In shallower water it sometimes makes more sense to anchor up far enough back in a bay that you can cast to shorelines in most directions. Everyone simply "fan casts" until the captain decides it is time to move again. Having more than one person casting out of a boat at the same time, however, is dangerous, even with experienced adult anglers!

My favorite thing, however, to do is simply stroll along any shoreline casting up and down the banks diagonally. Getting the captain to let off anglers on the shore to fish allows for more relaxed fishing for those left in the boat and provides for a more through coverage of what might be a remote, seldom fished area. Rubber knee boots keep feet dry in often wet and muddy springtime conditions, and are easily washed off before getting back into a clean, carpeted boat.

Fly fishing with large, bright streamers is also great. However, it reminds me of hunting elk with a blow gun. One could do it, but why? With the reduced mobility of a float tube (or even a kick boat), and the reduced casting distance, the fly fisher is tied to a smaller area and to waiting for the fish to come to him. One solution is to hike and cast along the shore lines. I like to make a cast forward, a false cast or two, and a cast back the other way as I slowly walk along. This allows me to fish both ways to pick up fish coming up from behind a well as in front. Again, brighter flies with white, silver, red and orange get more attention of aggressive fish, and black, brown and green ones when they are neutral. You cannot throw flies that are too big!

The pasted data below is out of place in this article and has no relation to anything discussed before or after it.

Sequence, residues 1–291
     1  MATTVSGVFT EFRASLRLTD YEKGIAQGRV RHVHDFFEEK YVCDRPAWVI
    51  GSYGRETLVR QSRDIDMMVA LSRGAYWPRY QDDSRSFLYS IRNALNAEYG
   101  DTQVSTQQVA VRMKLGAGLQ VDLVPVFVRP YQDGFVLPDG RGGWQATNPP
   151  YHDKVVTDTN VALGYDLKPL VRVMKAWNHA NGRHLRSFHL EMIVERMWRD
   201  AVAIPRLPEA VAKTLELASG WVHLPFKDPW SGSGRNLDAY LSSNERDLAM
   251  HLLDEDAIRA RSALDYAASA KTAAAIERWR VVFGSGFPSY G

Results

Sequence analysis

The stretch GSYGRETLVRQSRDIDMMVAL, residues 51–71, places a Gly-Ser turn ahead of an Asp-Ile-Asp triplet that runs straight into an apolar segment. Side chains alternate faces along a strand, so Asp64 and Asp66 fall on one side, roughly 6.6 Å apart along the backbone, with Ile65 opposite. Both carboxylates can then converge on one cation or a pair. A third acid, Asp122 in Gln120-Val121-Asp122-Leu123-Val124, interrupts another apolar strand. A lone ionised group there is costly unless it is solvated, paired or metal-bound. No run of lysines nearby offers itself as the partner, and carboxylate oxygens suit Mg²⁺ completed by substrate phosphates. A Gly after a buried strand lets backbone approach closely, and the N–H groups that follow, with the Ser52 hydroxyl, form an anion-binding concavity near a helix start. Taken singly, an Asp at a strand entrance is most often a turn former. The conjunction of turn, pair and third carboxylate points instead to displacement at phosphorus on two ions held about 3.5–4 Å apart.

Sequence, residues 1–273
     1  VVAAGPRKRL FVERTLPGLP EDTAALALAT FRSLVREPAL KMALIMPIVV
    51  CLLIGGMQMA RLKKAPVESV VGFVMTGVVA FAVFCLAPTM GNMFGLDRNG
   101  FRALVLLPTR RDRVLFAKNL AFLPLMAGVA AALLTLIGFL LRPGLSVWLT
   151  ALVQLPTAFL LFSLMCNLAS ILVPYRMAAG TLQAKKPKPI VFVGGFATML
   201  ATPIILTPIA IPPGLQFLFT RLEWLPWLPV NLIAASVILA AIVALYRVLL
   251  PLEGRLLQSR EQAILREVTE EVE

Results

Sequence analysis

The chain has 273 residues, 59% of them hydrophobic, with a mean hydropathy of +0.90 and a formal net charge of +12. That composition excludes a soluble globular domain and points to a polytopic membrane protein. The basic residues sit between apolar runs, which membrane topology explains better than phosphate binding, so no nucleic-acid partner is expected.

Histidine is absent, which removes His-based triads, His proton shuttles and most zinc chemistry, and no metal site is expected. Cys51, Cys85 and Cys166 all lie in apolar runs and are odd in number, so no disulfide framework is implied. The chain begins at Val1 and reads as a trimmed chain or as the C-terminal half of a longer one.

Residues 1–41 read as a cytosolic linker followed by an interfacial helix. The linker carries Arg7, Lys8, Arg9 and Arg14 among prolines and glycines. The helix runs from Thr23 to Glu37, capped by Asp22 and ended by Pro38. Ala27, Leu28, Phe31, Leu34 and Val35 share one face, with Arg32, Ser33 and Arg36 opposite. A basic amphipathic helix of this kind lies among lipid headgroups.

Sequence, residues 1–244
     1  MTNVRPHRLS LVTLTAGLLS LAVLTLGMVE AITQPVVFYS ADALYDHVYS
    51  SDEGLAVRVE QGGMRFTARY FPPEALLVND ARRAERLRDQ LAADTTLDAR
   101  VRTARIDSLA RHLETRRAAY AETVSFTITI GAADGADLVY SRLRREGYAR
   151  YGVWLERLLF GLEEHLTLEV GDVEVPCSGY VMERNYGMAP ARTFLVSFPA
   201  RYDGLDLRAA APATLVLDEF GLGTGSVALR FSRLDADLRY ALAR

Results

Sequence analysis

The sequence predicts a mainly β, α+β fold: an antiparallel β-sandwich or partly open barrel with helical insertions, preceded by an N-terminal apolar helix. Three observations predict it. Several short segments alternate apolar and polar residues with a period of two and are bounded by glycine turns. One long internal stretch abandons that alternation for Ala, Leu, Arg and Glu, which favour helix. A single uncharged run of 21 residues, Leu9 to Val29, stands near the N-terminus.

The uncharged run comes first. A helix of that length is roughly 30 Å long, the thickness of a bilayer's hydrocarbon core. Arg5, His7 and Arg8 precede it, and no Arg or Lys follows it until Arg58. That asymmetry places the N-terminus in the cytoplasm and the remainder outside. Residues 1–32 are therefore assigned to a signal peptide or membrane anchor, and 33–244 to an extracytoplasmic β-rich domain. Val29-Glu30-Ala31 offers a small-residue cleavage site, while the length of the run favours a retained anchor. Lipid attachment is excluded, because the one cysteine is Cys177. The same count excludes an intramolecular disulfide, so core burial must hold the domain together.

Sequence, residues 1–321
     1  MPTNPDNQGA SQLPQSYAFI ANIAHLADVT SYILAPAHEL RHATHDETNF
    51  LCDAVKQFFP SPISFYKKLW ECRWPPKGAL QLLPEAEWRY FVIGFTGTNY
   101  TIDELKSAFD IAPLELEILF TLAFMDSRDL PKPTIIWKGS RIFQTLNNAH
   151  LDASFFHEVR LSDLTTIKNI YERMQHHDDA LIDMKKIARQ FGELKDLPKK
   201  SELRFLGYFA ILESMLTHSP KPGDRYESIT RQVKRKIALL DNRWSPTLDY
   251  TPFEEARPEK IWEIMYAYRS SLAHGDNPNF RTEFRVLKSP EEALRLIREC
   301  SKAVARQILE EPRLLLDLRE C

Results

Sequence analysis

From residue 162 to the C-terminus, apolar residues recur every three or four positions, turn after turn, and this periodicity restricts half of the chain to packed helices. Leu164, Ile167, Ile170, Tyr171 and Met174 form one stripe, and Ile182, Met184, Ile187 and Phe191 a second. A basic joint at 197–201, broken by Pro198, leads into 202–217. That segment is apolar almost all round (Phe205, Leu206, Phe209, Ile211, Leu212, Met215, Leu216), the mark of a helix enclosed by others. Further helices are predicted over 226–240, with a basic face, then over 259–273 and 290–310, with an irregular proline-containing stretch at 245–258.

Everyone should stay aware of "surprise" spring thunderstorms! Nothing can spoil a great day more than having someone struck by lightning or being stranded for hours (or even over night) due to high wind and waves, that are both common on the Berry. Shore-walkers should always carry a light day pack with a raincoat (windbreaker), a warm hat, a bit of water, a little food, and a flashlight in case they are stranded due to a storm. Boaters should have a "bimini" cover if their boat does not have a cabin to stay drier in a downpour. Folk with aluminum boats and/or graphite fishing rods should NOT try and get back to the ramp or car if a storm comes up, rather they should beach the boat in the nearest protected area and proceed as shore-walkers, looking for cover away from the open until it all passes. It may even be necessary to lay your graphite fishing rod down rather than get shocked by high electrical potential or risk being struck by really BIG sparks. Again, rubber boots may do more than just keep your boat clean, they may save your life from lightning. The very best spring fishing can occur immediately after rainstorms, but let’s be cautious and safe.

Copyright Dan Potts, 2005